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How to repatch small sheetrock holes in walls

Well here is a tip that im shure you will enjoy!
How to patch a hole in your wall !
Don,t worry about cutting from stud to stud so you have something to screw too, just cut out a piece of sheetrock alittle larger then your hole ,
Then take your cut sheetrock piece and put it over the hole!
Then take a pencil and trace the cut sheetrock over the hole
Then cut out the hole to the size of the traced piece of sheetrock

OK here comes the fun part: Take 2 larger wooden paint mixing sticks (you can get them at any paint store , sherwin williams,ben moore, home,depot , sears, wallmart,lowes..you get the idea! and there always free so stock up for future holes,

Now take one stick and put it into the hole so that both top and bottom of the stick are equal lengths so that you can put 1 screw countersunk on both ends from the wall side ...what that screw is doing is making a secur backing for you to screw your cut piece of sheetrock to! ...but one is not enough so get that 2nd paint stick out and stick that also behind the wall and screw it from outside at top and bottom ...now your ready to screw that piece of sheetrock to the painsticks ..after thats done just tape and spackle ...once you try this you will always use this technique ,,GUARANTEED!..good luck and happy repairs, glenn

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My 2012 wall air condioner is leaking. How do I fix this and repair the drywall?


It sounds like the drain line is plugged where it goes outdoors, so water is backing up inside the unit until it spills over indoors. Clear the drain line.

You may need to cut a section out of the drywall where it's been damaged, then get a matching piece of new drywall to replace it. If you can cut down the centers of two studs, all the better - then you can screw the new patch directly to the studs on both sides. If not... at least leave yourself a couple of inches of drywall to stitch to - you can do that by screwing small pieces of plywood to the existing drywall, overlapping the hole. Then you can screw the new drywall patch to the plywood.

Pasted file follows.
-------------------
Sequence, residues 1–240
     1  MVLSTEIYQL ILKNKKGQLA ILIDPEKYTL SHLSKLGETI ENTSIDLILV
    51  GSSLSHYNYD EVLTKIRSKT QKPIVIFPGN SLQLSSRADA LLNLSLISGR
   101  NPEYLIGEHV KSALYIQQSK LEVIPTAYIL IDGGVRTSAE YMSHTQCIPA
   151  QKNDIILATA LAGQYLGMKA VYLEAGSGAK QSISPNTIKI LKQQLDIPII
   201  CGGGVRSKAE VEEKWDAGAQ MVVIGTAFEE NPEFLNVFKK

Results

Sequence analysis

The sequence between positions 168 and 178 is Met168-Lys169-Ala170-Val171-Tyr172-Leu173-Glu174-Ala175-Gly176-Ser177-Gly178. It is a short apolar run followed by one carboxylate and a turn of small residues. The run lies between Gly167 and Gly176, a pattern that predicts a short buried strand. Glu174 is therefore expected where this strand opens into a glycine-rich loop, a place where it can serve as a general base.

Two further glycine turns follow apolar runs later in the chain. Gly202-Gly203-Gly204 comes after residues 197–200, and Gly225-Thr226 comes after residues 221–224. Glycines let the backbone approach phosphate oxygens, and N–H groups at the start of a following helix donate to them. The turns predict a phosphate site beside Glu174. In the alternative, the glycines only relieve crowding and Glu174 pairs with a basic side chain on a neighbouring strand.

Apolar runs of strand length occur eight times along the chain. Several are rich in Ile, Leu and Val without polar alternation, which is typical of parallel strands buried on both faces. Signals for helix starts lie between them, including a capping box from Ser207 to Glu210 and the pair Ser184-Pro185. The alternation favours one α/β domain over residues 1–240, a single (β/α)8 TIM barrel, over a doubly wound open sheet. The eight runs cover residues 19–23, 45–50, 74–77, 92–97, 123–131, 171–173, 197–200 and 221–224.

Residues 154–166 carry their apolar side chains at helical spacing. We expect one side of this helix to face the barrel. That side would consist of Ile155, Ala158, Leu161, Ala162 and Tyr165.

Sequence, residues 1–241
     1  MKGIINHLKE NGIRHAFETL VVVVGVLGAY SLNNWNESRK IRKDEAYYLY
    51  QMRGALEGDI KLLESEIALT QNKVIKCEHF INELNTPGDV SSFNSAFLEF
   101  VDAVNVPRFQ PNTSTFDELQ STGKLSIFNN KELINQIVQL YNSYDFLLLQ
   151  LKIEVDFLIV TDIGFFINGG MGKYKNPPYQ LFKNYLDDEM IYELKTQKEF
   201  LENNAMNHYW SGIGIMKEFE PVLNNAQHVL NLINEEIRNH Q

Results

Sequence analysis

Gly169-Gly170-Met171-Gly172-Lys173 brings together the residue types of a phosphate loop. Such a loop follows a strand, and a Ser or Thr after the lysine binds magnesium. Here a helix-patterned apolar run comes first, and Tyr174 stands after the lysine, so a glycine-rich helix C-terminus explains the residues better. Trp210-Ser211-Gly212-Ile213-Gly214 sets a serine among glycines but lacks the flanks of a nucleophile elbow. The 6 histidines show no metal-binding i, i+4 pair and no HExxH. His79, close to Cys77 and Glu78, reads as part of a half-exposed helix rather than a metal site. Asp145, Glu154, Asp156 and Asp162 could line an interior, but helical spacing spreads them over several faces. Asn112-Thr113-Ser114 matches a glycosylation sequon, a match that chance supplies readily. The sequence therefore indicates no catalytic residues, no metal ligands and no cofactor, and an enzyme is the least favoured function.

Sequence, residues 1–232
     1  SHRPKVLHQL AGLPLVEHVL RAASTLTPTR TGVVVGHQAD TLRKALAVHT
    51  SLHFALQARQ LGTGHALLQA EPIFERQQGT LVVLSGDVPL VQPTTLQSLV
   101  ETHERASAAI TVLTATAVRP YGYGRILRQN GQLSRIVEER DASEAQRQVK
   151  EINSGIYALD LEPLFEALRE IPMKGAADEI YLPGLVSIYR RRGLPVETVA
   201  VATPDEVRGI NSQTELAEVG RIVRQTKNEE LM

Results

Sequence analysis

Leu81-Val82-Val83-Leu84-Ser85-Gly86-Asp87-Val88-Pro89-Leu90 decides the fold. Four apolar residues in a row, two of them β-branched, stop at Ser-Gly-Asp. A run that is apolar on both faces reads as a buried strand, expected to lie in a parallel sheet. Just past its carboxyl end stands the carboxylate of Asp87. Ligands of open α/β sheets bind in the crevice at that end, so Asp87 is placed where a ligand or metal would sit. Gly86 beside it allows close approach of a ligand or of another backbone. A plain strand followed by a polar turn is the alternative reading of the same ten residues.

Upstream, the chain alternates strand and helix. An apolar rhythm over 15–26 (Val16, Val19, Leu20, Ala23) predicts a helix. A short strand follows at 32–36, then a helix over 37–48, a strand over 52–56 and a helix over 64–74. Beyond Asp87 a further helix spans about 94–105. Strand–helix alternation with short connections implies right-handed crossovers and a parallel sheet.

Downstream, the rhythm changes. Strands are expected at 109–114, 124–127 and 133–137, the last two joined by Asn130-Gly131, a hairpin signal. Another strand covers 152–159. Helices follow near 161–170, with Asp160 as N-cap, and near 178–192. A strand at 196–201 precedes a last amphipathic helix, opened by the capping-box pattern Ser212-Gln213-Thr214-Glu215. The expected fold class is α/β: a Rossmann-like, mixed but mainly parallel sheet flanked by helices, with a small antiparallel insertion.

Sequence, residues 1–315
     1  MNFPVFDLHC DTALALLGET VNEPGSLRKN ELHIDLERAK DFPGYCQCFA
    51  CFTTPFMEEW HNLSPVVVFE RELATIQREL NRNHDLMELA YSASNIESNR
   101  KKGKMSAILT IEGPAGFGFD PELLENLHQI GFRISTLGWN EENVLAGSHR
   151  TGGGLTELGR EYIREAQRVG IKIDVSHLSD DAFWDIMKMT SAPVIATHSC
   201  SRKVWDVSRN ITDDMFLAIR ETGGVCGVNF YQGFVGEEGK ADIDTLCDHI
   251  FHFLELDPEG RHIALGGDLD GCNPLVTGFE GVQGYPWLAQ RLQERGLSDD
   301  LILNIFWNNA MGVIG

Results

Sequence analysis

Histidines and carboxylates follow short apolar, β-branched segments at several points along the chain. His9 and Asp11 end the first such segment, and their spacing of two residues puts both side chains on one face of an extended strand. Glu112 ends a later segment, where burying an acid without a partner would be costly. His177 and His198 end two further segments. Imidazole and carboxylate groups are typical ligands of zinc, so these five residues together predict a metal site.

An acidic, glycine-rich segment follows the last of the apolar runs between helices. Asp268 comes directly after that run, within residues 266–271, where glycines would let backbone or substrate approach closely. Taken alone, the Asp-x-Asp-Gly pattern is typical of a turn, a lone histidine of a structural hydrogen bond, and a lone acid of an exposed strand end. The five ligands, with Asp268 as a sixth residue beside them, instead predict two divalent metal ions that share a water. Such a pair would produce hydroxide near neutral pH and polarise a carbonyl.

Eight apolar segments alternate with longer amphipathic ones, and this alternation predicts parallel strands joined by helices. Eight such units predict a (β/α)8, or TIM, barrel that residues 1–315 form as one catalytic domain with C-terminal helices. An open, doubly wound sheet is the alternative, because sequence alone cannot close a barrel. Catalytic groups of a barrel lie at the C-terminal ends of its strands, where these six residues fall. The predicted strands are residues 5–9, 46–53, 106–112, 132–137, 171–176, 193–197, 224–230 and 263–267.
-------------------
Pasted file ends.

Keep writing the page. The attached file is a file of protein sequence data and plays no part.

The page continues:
Next is your adventure in taping & mudding & sanding the drywall to finish the patch. Last, paint it to match the rest of the wall... or repaint all of that wall, including the patch. No need to paint adjacent walls, if your color matching is pretty close.

Jul 26, 2014 | Samsung MH052FNCA 18000 BTU High Wall 410A...

1 Answer

how do I repair a large hole in my drywalled wall in my living room that is right beside the door frame?


If you live near a Home Depot or Lowes they sell partial sheets of drywall. Cut a square slightly larger than the damaged area from the new drywall. Trace this around the damaged area and then cut out the damaged area with a key hole saw or sawzaw or if you don't have those just your utility knife. You can probably buy all the tools and materials for a lot less than hiring someone. Since you said the hole is next to a door you shouldn't have to worry about electrical wires, but just in case, take a flashlight and look into the hole before you cut to make sure. Now you should have a hole the size and shape of the new piece you cut. The area against the door is against studs and you'll have to just keep cutting with your knife until you get through to the wood. Now, on the other side of the hole across from the door take a piece of scrap wood and put it inside the hole and press it against the inside of the wall so half the scrap wood is behind the wall and the other half is exposed in the hole. While you're holding the scrap wood you'll need to screw 1 1/4" drywall screws through the existing drywall and into the scrap wood. The scrap wood should now be tight against the back of the drywall and partially exposed to resemble the stud on the other side by the door jamb. Now you have backing for your patch. Place the patch you cut earlier in the hole and screw it in place. A screw gun or drill with #2 philips head screw tip will make this job easier. The screws should be counter sunk just slightly so the heads don't rip the paper. If you do rip the paper you'll need to put in another screw near that one or else you'll have problems later, especially near a door. Now finish the hole with joint compound. You can buy this at most hardware stores in a one gallon bucket. You'll need a role of drywall tape as well. I recommend the fiberglass mesh tape for ease. Also you'll need a taping 6" taping knife and a tray.